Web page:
Strategy & Operations » Leadership & Management » Mars Wrigley’s CFO on championing the switch to paper-based packaging

Mars Wrigley’s CFO on championing the switch to paper-based packaging

The confectionary giant's financial chief has said CFOs should get comfortable saying yes to change if it aligns with growth and sustainability

Mars Wrigley’s CFO on championing the switch to paper-based packaging

In 2019, a Mars bar wrapper washed up on a beach in the UK – it was made in 1986.

The seemingly indestructible packaging was found during a beach clean on Constantine Bay on the northeast coast of Cornwall.

“It was almost intact,” CFO Duncan Webster told an audience at the World Economic Forum. “This was a massive problem.”

Mars Wrigley announced plans to move from plastic to paper-based packaging for its Mars, Snickers and Milky Way brands in 2020.

Following three years and AUS $2.5 million worth of intense research and development, the shift to Amcor’s FSC-certified paper-based packaging will be seen as of April 10, 2023.

“At the time of the decision, we did not know what the substrate of the packaging would be or how it would run through our machines,” Webster said. “But we believed we could do it.”

Webster explained Mars’ current plastic wrappers were “really, really cheap” and ran through their machines quickly without problem. “That is the complete opposite of paper-based packaging and that is the problem we have had to solve.”

Investing in change

Speaking to a room of finance leaders, Webster acknowledged CFOs are unlikely to say ‘yes’ very often in their careers; “it is not a phrase common in our vocabulary”, he admitted.

However, this project forced Webster to alter his thinking. “We had a strong belief this would resonate well with our employees, customers, and our consumers. If we solve this, it would be a huge step forward for the industry,” he said.

Webster and his team crunched the numbers and worked out the growth potential of the switch in packaging would pay for the increase in cost. “We will get enough growth to pay for the increased cost of packaging without having to increase the price of the product,” he said.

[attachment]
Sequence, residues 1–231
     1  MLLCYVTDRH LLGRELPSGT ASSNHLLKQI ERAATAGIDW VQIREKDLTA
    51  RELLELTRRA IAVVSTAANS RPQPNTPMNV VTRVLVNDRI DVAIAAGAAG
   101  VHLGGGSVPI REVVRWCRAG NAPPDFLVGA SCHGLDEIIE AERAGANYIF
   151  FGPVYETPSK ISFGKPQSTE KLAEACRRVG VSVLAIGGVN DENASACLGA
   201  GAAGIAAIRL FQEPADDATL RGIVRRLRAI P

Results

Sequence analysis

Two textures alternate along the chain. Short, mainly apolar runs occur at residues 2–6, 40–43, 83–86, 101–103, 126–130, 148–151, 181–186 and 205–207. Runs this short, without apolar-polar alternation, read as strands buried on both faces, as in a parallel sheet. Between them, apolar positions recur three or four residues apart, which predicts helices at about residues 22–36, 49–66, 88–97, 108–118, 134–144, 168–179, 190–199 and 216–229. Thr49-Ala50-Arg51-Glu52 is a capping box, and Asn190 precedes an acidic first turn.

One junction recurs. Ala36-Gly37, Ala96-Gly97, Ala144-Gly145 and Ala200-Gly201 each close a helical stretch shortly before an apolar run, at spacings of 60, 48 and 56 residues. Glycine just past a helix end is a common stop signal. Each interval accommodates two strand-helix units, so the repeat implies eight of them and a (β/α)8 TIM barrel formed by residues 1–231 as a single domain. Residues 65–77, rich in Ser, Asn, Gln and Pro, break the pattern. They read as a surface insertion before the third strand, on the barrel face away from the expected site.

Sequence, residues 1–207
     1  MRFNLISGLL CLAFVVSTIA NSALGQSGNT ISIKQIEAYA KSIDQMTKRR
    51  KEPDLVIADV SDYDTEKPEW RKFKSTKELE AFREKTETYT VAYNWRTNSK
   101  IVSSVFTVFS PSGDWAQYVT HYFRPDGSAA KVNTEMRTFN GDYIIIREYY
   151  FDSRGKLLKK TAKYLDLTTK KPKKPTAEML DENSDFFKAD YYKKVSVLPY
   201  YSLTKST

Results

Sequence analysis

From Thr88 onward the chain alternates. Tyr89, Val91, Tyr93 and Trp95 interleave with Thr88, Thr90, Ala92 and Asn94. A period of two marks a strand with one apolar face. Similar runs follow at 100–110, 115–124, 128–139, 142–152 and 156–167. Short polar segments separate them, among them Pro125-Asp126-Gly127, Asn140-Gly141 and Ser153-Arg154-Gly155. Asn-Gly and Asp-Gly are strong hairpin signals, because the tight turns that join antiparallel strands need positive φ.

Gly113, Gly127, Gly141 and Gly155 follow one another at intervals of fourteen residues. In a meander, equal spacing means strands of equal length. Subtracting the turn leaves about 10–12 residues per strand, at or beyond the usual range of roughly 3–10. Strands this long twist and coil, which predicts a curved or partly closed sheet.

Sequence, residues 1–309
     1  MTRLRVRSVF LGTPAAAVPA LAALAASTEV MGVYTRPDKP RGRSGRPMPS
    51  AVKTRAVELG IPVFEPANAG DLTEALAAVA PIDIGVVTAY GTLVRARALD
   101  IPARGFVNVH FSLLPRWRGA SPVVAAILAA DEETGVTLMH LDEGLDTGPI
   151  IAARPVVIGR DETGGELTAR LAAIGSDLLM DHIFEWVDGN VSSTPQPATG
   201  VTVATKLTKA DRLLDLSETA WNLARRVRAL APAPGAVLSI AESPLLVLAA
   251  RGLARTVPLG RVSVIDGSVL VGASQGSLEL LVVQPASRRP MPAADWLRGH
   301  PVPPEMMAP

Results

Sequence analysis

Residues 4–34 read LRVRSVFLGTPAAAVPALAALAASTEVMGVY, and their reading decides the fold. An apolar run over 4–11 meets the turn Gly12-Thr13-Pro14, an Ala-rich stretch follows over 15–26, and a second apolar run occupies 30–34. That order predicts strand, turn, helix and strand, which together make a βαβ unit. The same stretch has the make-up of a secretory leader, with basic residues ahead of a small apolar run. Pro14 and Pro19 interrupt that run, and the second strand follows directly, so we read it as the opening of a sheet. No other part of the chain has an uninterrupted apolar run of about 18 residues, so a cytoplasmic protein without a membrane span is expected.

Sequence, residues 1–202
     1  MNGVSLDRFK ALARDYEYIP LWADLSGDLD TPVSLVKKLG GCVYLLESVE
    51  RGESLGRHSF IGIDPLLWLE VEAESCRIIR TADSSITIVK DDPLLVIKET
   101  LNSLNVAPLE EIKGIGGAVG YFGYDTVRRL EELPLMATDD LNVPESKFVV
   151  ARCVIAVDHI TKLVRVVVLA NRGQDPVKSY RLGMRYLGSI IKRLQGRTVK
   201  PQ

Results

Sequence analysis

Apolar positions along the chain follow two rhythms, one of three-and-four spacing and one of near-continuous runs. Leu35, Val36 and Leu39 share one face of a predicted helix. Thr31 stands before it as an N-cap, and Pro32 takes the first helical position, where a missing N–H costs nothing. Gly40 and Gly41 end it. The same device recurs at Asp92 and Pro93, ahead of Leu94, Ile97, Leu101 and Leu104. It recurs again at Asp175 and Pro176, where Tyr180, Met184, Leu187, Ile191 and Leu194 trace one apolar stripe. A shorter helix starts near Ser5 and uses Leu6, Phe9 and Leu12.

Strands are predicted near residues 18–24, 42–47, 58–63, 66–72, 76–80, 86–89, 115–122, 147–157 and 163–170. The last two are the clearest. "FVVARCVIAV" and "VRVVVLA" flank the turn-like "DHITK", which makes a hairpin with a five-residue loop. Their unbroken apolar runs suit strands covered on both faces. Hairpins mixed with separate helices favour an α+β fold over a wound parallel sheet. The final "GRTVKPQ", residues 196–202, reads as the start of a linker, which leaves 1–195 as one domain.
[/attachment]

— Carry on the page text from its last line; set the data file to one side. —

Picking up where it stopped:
“It becomes easier to say yes if you can deliver the numbers […] It makes it safer to say yes.”

The research and development team leading the project is pioneering paper-based sustainable packaging solutions for the Mars Wrigley business globally.

The move is part of a $1 billion investment by parent company Mars to tackle climate change, poverty in the value chain, and scarcity of resources, and comes after several other confectionery brands, including Quality Street, KitKat and Ferrero Rocher, have converted their packaging to a more recyclable alternative.

The plan is for the technology, learnings, and insights developed and deployed locally in Australia to be shared and implemented in other Mars Wrigley markets across the globe.

Learning to champion

Webster noted the project had afforded him the opportunity to step up in ways he has not had to previously as a CFO, championing the project from the get-go.

“I was personally very passionate for this to happen,” Webster said. “More passionate than my sales director who was very sceptical about whether you could get a bigger display of that [the new packaging] rather than price promotion which is how the game works.”

“With that, we have continued to push hard and figure out how we can make it work which has required a lot of championing from unsuspecting areas.”



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